From Glenn Thrush’s new e-book on Barack Obama‘s campaign for reelection (Obama’s Last Stand:
The president’s only complaint about [Peter] Rouse’s tenure as temporary chief of staff in late 2010 (admittedly, a big one) was that too many papers and people were making it through Rouse’s filter to the Oval Office, several current and former White House aides told me.
From his earliest days as an adult, Barack Obama has shown a marked aversion to…well…work. I wrote about this characteristic in Obama’s Work Ethic. As President he routinely outsources the heavy lifting to others, including the drafting and passing of Obamacare. Foreign policy decisions are delegated to the Arab League or/and the United Nations (“leading from behind”). Decisions are just punted (Iran) or just postponed until after the election (XL Pipeline) or just left in limbo (“the fiscal cliff”, “entitlement reform”, etc.). This is one reason why he has withdrawn from the prospect of projecting American power and influence overseas — that would involve way too much labor on his part.
He has all too often been found A.W.O.L. even when crisis approaches. His decision-making style has been marked by flaws on numerous levels (read, if you have a strong stomach, “How Obama Makes Decisions” for insight into how bad decisions are made). He has barely met with his Cabinet and has not met with his Jobs Council all year.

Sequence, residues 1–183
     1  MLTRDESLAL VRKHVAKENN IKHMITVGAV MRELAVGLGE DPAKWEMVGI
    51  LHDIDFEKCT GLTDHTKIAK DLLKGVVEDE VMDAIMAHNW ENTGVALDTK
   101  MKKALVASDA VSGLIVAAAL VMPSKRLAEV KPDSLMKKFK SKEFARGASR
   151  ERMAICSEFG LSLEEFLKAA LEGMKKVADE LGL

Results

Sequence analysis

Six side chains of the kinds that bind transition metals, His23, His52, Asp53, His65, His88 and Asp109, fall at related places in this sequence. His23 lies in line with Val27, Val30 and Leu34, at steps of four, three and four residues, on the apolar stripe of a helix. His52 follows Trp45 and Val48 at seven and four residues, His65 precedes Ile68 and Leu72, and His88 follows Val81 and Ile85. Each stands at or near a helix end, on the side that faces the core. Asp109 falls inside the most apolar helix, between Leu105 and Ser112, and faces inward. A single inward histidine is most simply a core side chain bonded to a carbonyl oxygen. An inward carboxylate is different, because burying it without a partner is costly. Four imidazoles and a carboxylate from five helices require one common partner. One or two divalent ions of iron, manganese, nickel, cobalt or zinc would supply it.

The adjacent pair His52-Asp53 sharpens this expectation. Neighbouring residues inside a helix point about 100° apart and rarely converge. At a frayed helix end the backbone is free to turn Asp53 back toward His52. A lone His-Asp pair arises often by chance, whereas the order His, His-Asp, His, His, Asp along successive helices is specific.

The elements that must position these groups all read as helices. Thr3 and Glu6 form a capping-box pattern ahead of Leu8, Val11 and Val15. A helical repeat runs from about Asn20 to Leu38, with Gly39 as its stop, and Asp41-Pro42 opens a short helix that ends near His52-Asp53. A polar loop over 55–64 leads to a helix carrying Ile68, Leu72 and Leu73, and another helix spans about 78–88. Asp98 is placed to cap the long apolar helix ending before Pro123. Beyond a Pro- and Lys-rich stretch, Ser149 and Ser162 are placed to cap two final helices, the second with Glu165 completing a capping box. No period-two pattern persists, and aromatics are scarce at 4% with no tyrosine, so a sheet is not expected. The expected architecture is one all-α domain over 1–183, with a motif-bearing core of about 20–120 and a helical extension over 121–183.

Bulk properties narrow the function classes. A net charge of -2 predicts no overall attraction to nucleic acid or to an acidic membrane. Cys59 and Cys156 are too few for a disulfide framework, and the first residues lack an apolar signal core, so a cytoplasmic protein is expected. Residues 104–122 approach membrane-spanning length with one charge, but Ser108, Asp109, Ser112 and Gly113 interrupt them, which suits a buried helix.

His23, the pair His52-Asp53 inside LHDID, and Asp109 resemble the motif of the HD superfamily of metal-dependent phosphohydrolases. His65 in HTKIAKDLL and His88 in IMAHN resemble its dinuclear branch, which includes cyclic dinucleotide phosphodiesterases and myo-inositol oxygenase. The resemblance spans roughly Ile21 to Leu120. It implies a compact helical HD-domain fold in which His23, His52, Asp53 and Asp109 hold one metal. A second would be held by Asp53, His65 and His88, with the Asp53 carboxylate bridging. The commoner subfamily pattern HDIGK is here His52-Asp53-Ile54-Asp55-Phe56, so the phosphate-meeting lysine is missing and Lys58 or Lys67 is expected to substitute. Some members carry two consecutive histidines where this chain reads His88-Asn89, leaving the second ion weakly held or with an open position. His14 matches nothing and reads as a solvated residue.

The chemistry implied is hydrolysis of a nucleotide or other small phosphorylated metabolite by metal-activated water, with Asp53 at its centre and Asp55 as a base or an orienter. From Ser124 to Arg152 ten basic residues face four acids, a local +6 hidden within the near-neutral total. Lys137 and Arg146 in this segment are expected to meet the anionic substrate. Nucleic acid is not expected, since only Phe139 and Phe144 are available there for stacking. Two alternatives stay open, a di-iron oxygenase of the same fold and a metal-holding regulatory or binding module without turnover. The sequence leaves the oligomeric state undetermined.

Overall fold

Among the reasons for his failure as President has been reliance on a small cadre of unqualified and very left-wing people , including his long-time consigliore, Valerie Jarrett.
With Thrush’s nugget above we see two of Obama’s worst failings. One is his reliance on a few people. Compare and contrast other Presidents (including Bill Clinton) who thrived on the prospect of listening to the top experts in various fields while formulating policy.
The second reason for Obama’s failure involves his lack of a work ethic. Mickey Kaus has noted that decision-making has often culminated in his few trusted aides giving him memos with boxes for him to check off regarding what to do regarding the important issue at stake. When I was in school we always liked multiple-choice exams because…well…they were so easy. If he were a chief executive of any company, he would have been fired long ago.
That is not nearly as fun as playing hoops, swinging a driver, lining up a putt and going to endless fundraisers and vacations, courtesy of the beleaguered American taxpayer.